While I found the Infant Jesus of Prague statue exotic to my own faith, one thing that happened during the service unexpectedly took me right back to my childhood. The Philipino choir singing for the service sang every verse of the great hymn "How Great Thou Art." My grandmother and mom used to play it on the piano when I was growing up. Mr. Hendrickson, my childhood neighbor who sang at my wedding, also sang this hymn frequently through the years. Hearing it made me homesick. It was beautiful.

The beautiful baroque altar
at the front of the church
is almost fully restored

The priest's pulpit
off to the side.
It's unused
in our more informal times.

Pilgrims from all over the world
pray to the Infant Jesus of Prague
for deliverance from their suffering
after the service.
Note the "thank you" plaques
on the side wall for answered prayers.

The Infant Jesus of Prague
or the Prague Bambino
in his glass case and white clothes

A beautiful baroque side alter
at the church

This is how people
stay warm in these old churches.
The pumice stones attached
to the backs of the pews
radiate gentle warmth.

The spiral staircase up to the Museum of the Infant Jesus.
Seamstresses express their faith by sending the Infant Jesus
clothes from all over the world.
Several of the most spectacular outfits are on display.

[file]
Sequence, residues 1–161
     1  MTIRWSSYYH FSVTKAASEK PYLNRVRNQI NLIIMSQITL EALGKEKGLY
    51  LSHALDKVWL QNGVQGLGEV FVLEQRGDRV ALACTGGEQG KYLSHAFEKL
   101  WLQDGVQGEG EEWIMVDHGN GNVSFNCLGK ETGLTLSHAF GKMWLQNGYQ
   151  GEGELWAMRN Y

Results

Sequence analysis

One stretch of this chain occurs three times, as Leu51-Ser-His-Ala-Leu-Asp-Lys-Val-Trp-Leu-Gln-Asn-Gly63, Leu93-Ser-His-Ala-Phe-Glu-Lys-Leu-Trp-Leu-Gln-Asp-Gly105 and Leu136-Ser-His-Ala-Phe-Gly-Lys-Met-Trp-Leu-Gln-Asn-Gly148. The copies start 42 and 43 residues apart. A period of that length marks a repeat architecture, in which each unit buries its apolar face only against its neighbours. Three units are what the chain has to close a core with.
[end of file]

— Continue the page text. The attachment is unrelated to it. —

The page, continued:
The exquisite craftsmanship
on these outfits
is meticulous.

This beautiful red overcoat
with the dragon came from Vietnam.

Immediately after Sher's day out, she had to go right back into her salubrious solitude because she got sick and so did her husband. Her can-do attitude regarding chronic illness is as beautiful expression of faith as this church.

Saturday, January 31, 2009

Czech Fashion Report: Tall Black Boots

This pretty lady bought her
very cool hat in Uzbekistan
to go with her black boots

All over Prague this winter, women are wearing boots! Tall black boots predominate but a few other boot colors get in there.

Ivory boots in Old Town Prague

I was telling one of my Czech girlfriends that "European women really live up to their stereotype as chic, sophisticated dressers."

A lovely Czech lady
at Novy Smichov Mall

She asked "exactly how do the ladies live up to that stereotype?"

"Why, all of these ladies in their black boots. It looks urban and hip and feminine!"

She laughed. "Actually," she said, "we just spend a lot of time outside and the boots keep us warm."
Olga from Ukraine says,
"Here you can wear whatever you want."

I asked a new Ukranian friend if this was the reason for the knee high boots and she nodded yes adding "I love Prague because you can dress to be comfortable. Here you can wear whatever you want."

Yet a third European woman shared her pride unprompted at finding a pair with an elevated sole so that her feet never actually have to touch the cold pavement.

Shopping at Swarovski
in Old Town, Prague

Another stereotype bites the dust. It still looks nice though. And since we recently had an unusually harsh cold spell in Prague, I can see their wisdom and not just their fashion.